Facebook may have given us a new set of behaviors that we are not in control of. Here are some of the things that the social networking site has been compelling us to do on a subconscious level.
What Facebook Makes Us Do Without Our KnowledgeBeing on Facebook on your computer makes you better at using the device. Teens and pre-teens were found to navigate through their computers much better than those who did not play video games or go on Facebook often.
Facebook makes significant others jealous. Couples who are on Facebook and are friends, spend a lot of time stalking their boyfriend or girlfriend’s page, obsessing over comments, likes, and people they add to their friends list. Even their choice of profile photo is scrutinized, such as changing it to a solo when it was a photo of the couple just a day or so ago.
Facebook users in relationships tend to talk about their significant others more. Happy couples were found to post pictures, updates, and other posts that mirrored their relationship.
Humboldt University of Germany did a study that found that the site’s users may get jealous when looking at photos of other people’s momentous events, such as nights out or vacations. The respondents stressed that they were not actually jealous but knew that others might be.
It is making people fatter and deeper in debt. A study found that “greater social network use is associated with a higher body mass index, increased binge eating, a lower credit score, and higher levels of credit card debt for individuals with strong ties to their social network.” (Wilcox and Stephen, 2012)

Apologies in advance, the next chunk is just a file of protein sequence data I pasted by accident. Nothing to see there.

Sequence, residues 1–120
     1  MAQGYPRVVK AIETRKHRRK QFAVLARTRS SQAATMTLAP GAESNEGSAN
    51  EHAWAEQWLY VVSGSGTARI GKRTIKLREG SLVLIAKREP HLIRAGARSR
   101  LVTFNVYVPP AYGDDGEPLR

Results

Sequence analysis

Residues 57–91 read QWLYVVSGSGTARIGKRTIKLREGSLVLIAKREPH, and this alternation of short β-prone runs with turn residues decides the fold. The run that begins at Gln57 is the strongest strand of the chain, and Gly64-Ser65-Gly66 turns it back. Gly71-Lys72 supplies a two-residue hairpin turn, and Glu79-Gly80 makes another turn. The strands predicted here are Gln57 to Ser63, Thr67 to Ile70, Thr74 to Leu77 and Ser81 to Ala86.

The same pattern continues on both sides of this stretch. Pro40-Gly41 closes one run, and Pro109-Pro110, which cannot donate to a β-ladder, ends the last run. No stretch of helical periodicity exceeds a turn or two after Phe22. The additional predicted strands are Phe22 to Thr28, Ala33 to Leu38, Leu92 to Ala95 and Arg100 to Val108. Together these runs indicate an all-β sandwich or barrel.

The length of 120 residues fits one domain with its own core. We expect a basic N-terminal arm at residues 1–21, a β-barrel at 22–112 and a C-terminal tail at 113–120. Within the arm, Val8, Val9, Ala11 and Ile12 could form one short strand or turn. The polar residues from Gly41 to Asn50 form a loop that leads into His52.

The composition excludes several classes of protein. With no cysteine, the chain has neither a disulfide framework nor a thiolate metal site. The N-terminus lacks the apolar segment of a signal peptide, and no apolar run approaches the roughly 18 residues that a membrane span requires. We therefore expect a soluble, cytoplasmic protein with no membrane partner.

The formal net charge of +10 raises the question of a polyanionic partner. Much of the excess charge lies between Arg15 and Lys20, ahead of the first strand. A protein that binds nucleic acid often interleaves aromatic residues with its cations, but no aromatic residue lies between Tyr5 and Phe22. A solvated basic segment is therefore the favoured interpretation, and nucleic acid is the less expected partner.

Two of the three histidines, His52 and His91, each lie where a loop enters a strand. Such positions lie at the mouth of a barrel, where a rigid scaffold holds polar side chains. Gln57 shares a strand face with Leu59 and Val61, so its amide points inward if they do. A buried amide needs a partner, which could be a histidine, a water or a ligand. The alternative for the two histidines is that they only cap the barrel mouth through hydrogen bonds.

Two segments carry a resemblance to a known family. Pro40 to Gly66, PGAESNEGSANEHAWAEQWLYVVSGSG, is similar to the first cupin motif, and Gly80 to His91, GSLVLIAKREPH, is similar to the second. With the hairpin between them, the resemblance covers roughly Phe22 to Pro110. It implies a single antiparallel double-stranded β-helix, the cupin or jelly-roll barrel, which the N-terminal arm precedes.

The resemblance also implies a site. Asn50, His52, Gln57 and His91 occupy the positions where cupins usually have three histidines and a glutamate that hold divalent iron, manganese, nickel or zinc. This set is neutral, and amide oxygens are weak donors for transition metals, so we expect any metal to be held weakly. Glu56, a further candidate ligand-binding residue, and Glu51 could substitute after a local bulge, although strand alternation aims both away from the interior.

It makes you love talking about yourself even more. It may seem stressful to share details about yourself when confronted with a room full of people but on cyberspace, it is made much easier. Researchers from Harvard have found that people get the same pleasure sensation in the brain when posting information as the one we get when eating good food and other pleasant things.
It makes you treat strangers like friends, or at the very least, acquaintances. A study by Professor Christopher Sibona from the University of Colorado has found that 40% of Facebook users were surveyed to say that they would avoid people who unfriended them on the site when confronted in real life. This may due to the fact that unfriending someone is now the latest form of rejection and may cause psychological effects.
The site is making you sadder and more likely to post depressing statuses. A study conducted in 2011 found that there was a possible correlation between children who use Facebook regularly and depression. This study was disputed by another, saying that “the survey participants were on Facebook for over half of the total time online. When Jelenchick and Moreno evaluated the data including the depression-screening results, they found no significant associations between social-media use and the probability of depression.’” (Science Daily) This issue has been disputed over and over again but it bears mentioning since there are so many people who are clamoring over it.
The site makes you feel guilty for any behavior that may seem offensive to others. There was a study conducted by the University of Edinburgh that found people with more Facebook friends have more of an opportunity to offend them through the things they post.
The site stops you from being in the doldrums. A study by Madison-Wisconsin suggested that one of the drivers of the site was our collective need for self-affirmation. Most users tend to log into the site to air out a grievance or a particularly upsetting event so that others can console them.
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